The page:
- You can freeze bubbles if the temperature is below 32 degrees.
- You breathe out to blow a bubble and that helps relieve stress.
Blow a feather across a table or the floor and see how fast you can get it to move. Practice sword fighting with a feather. Hold onto feathers and wave arms up and down to pretend to be birds soaring in the sky.
Drop a ball and feather from the same height and see what one touches the ground first. The feather is light, but it has more air resistance.
Dip a feather in oil. It makes the feather heavy and click. When that happens to a bird it make it hard to fly or float.
It also causes birds to lose the protection the feathers provide, and they can lose body heat and die. Try cleaning off the oil with water and then dish detergent. Chat about how after oil spills people clean birds to help them survive.
Read Matthew 6:26 about how God cares for the birds and how much more valuable we are so we can trust He will care for us.
Photo Credit: ©Unsplash/Braedon Mcleod
4. Dream Board or Collage to Build Hope
We know this time of staying home will end and life will resume. Let children have hope with creating a dream board of what he or she wants to do when we can be free to go out again and hug people.
They can cut pictures or draw them and add words to describe their hopes and dreams for the future. Print out pictures from online sites too. Add names and photos of friends, favorite places to go, and activities away from home they enjoy.
Find a backdrop to use such as a bulletin board, poster or large paper. If you are short on supplies, cut open several paper grocery bags and tape or glue them together.
Section off areas to organize ideas, such as places to go, friends to see, and activities to do. Add a top ten list of most desired activities. Add a spot for ways to help people now and after this ends.
Post it on a wall to keep adding to it. When bored, it can be a great time to add something that would be fun to do.
Discuss how certain events leave a lasting impression that everyone their age will always remember and talk about. Encourage your child to write how this might make a difference for his or her life.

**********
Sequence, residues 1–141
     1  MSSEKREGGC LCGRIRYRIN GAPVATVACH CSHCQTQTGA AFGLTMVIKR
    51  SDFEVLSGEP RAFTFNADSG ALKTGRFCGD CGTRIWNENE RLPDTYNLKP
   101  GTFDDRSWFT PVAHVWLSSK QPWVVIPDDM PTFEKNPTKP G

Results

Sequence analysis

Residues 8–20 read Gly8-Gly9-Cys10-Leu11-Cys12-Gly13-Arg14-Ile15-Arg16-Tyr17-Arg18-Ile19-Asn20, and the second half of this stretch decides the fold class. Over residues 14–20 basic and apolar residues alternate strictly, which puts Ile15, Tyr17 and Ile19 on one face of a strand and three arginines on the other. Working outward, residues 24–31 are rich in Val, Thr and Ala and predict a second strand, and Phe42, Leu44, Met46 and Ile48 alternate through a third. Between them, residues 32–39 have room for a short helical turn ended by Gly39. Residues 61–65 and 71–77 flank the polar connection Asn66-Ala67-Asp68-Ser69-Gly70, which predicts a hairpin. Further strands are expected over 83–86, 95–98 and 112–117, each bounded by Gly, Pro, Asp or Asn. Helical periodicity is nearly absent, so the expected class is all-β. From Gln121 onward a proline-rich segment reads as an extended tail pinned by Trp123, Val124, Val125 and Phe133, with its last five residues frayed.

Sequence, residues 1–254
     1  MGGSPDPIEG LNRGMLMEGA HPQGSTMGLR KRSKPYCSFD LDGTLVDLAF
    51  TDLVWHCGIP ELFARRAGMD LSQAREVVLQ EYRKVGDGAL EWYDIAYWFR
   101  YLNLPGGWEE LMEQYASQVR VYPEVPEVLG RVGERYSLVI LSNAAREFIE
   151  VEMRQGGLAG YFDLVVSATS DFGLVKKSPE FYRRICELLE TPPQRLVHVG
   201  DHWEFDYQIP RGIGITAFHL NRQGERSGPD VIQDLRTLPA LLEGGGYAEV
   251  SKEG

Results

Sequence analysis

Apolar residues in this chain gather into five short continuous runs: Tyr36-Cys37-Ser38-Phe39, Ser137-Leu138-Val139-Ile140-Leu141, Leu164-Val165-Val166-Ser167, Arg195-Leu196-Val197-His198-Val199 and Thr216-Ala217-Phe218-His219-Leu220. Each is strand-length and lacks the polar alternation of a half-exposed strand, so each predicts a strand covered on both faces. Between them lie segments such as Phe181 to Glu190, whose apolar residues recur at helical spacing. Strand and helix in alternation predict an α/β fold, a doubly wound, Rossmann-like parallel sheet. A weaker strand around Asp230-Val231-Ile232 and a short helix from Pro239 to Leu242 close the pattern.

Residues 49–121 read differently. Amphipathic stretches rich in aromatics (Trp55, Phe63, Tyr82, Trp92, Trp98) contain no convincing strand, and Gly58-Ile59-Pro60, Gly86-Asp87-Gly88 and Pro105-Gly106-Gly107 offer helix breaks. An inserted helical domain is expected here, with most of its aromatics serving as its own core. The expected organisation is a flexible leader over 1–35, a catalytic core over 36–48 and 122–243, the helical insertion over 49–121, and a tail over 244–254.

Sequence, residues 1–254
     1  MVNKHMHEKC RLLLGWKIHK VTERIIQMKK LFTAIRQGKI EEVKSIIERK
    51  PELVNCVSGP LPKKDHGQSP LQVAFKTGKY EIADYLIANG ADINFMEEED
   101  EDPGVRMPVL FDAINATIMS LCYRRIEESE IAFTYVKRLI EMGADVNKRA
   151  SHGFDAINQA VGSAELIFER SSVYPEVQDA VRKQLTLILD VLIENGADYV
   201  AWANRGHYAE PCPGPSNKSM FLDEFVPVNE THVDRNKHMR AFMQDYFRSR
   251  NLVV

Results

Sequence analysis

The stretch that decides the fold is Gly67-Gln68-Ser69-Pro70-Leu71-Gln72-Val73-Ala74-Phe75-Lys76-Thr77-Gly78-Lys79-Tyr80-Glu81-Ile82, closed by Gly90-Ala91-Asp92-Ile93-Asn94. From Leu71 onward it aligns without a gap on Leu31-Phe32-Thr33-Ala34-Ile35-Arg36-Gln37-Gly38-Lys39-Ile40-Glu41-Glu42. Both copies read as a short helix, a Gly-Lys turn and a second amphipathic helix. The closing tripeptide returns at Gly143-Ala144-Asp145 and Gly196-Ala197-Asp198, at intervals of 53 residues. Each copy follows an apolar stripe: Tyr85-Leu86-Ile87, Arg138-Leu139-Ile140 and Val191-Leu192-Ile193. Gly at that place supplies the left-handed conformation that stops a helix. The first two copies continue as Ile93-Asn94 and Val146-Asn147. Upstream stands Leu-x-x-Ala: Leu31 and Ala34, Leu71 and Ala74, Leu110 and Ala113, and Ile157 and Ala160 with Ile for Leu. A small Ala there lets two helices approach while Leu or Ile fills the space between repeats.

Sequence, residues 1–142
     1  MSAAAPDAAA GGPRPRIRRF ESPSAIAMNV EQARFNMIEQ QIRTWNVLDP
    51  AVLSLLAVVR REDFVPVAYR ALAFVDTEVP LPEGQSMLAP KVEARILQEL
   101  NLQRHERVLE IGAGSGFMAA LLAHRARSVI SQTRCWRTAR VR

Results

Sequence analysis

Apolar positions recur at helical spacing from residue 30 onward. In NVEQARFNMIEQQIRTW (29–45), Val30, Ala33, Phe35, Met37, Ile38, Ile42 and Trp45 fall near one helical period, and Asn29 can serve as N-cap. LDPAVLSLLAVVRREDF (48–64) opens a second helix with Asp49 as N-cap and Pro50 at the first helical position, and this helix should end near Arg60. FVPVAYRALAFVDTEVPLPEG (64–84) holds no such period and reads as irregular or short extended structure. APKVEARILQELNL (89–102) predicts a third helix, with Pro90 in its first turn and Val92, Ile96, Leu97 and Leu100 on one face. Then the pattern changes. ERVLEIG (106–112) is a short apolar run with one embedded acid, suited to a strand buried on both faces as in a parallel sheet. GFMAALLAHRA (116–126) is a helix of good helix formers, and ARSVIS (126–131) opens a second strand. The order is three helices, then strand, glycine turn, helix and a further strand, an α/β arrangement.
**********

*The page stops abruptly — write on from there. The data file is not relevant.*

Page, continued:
Getting through those times strengthens us to trust we’ll get through other hard times.
When we look forward to the future, we feel hope. Hope is the expectation of future good. Faith that things will get better lifts our spirits. Read and add a few scriptures on hope such as Hebrews 6:19, Hebrews 11:1, and Jeremiah 29:11. Looking at it can help a child feel hope and smile.
Photo Credit: ©GettyImages/NiseriN
5. Online Play Dates
Set up a play date for kids on Google Hangouts, Zoom, or other options. They can all see one another and play games like charades together.
Girls can play with their dolls or other toys and boys might like to play with their cars. If they like a game like Candyland or checkers and everyone has the same game, they can set that up to play and move the piece for each player together.
You can record it to save as a quarantine memory. Other fun to try online:
- Or one person can put on music and everyone can dance. Take a few screenshots to capture the memories.
- Exercise together with stretches, running in place, jumping jacks, lifting weights (use water bottles as one pound weights) and other movements where you stay in front of the camera. Take turns leading an exercise. Stretches keep you limber, running and jumping keeps your heart healthy (called aerobic exercise), and lifting weights strengthens muscles.
- Have a family online time with relatives. Catch up on how each family has coped with being at home and share fun activities you’ve been doing. Snap a photo. Play a game together.
- Discover more about each friend. Ask a question for each person to ask such as favorite colors, flavors, games, and books. Let each one give a short review of a book and why it’s so good.
- Do schoolwork together if you’re classmates and use the same book. Or let an older child tutor a younger one.
- Try to make everyone laugh by making faces or telling silly jokes. See who gets the biggest laughs.
Combining fun with activities that help children relax, connect them with friends and loved ones, build their faith, and also educate them makes the best type of "edutainment"!